Morning Claret Productions - €35

Simon Woolf, orange wine expert and award-winning writer, takes us on a journey through the history of three winemaking regions where the style was made historically and is now experiencing a renaissance – Friuli Collio, Slovenia and Georgia.

Beautifully illustrated with photos from Ryan Opaz, the book is a thoughtful study of the often maligned and frequently misunderstood style of skin-macerated white wine, i.e. white wine made like red wine, and its modern struggle to be accepted. Orange, or amber, wine is made by macerating white grapes on their skins for varying periods to develop, complexity, unusual flavours and aromas and an orange colour.

Woolf’s moment of revelation came in northern Italy where he first tasted orange wine in a dark cellar. Since then, he’s fallen under its spell and become its ambassador, even challenging Hugh Johnson, one of the style’s nay-sayers, to taste orange wines with him.

Woolf documents the movement of mainly Slovene and Italian families in readopting this macerated style and the resurrection of the ancient qvevri tradition from Georgia. Written in an engaging and humorous style weaving history, anecdotes, culture and stories with useful facts, he introduces us to some of the main players in the movement, such as Gravner and Radikon in Friuli, Kristančič in Slovenia, and Glonti and Bitarishvili in Georgia. He provides a comprehensive background of history and winemaking in the three regions and shows the links between Georgia and the Slovenes, Italians and their neighbours. All politically volatile parts of the world, which suffered from war, division and communist oppression, he posits that orange wine could be seen as a fight to reclaim identity. Interestingly, in the 19th century in parts of Austgro-Hungary, it was common to ferment white grapes with their skins to stabilise the wines.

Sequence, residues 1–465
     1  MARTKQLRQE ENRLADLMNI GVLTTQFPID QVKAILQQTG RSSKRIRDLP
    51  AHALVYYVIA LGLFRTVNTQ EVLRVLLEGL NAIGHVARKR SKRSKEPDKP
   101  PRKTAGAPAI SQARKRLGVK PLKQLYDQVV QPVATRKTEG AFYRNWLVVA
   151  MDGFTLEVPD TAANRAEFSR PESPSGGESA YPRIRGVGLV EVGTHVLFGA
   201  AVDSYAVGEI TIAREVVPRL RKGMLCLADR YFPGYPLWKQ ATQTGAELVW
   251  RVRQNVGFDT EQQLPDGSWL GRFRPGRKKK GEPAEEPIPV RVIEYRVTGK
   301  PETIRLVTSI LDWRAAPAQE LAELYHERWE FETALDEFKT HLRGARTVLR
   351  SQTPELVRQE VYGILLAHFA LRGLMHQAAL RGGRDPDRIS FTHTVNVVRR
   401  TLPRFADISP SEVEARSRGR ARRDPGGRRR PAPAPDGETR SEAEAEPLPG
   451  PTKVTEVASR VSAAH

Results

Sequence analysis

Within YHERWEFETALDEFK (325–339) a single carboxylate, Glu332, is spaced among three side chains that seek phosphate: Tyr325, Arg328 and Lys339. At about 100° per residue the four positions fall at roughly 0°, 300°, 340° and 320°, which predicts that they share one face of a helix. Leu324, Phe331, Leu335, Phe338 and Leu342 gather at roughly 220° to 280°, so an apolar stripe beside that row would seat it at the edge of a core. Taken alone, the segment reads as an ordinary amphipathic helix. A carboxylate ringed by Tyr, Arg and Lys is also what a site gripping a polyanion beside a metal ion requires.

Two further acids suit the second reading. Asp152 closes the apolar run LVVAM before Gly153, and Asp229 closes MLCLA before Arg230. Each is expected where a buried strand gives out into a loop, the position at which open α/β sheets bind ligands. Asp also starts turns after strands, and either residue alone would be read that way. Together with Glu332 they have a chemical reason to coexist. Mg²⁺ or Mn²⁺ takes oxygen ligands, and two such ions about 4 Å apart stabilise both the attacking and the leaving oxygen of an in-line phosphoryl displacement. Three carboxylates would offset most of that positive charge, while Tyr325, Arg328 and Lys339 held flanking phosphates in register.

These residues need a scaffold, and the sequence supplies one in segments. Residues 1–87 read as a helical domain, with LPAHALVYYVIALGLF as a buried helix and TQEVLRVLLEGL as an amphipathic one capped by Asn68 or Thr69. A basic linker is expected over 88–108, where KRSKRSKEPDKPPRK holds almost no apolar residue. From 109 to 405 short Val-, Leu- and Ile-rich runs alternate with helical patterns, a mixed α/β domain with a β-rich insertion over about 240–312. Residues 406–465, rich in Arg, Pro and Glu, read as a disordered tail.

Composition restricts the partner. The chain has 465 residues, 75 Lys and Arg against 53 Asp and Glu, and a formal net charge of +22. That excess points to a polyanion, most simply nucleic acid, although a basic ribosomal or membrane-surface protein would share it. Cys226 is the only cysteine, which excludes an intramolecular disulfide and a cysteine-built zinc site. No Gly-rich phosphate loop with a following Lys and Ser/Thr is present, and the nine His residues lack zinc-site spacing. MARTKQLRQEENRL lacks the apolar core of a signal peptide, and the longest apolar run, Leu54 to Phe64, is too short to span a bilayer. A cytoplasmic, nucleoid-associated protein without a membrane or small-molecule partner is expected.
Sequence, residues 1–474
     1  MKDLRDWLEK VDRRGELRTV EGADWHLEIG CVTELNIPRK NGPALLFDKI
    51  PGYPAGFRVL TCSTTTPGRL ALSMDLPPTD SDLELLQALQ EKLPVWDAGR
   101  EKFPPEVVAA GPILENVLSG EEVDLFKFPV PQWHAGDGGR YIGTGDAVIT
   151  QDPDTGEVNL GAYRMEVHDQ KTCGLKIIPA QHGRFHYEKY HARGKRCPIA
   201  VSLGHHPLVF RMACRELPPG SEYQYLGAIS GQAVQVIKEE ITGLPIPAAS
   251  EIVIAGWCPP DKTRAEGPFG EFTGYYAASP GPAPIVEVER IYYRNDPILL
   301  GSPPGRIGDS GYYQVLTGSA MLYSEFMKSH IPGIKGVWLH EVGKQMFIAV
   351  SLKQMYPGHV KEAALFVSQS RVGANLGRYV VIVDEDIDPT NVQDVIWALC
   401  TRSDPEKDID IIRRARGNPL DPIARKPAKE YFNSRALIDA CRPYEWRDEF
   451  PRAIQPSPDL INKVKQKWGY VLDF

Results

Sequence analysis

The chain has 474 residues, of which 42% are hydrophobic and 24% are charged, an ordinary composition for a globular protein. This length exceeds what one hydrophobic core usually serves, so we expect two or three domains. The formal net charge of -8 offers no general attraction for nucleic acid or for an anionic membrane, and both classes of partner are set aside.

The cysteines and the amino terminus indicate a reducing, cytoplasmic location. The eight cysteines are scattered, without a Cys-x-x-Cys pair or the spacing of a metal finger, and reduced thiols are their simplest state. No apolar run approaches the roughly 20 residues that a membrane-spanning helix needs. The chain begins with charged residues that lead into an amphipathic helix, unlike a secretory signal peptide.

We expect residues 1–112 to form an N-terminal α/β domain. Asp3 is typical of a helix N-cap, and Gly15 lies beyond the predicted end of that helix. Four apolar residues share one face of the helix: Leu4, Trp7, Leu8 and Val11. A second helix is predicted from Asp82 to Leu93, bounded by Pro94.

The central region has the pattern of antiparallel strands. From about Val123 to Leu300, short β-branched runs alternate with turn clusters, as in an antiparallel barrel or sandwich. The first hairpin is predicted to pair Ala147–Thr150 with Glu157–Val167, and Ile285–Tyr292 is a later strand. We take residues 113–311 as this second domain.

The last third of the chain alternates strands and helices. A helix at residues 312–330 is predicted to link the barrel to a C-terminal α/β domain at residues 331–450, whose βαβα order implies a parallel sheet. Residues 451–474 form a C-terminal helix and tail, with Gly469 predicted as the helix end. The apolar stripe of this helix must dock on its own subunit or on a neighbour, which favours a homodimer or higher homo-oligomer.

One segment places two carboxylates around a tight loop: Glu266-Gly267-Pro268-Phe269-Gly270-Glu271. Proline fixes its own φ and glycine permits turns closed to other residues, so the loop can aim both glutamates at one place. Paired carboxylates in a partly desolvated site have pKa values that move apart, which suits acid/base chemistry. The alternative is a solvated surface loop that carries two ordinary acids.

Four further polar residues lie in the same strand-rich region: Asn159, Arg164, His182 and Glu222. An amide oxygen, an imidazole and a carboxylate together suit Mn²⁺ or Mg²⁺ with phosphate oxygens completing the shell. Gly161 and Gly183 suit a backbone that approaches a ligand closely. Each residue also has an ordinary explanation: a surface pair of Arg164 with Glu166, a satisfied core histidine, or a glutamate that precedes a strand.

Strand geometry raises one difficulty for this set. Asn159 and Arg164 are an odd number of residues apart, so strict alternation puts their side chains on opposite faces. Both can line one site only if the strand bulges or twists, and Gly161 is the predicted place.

Woolf also takes us through how it’s produced, including two amusing episodes in making orange wine himself in Portugal and the Netherlands, gives an overview of popular varieties for the style, discusses some common challenges and faults, and offers some food pairing ideas.

He recommends around 180 producers from around 20 countries. The focus is on the hotspot regions, but producers from CEE countries, such as Austria, Bosnia, Croatia, Czech Republic, Poland and Slovenia are included.

Both a fascinating read and useful guide to producers.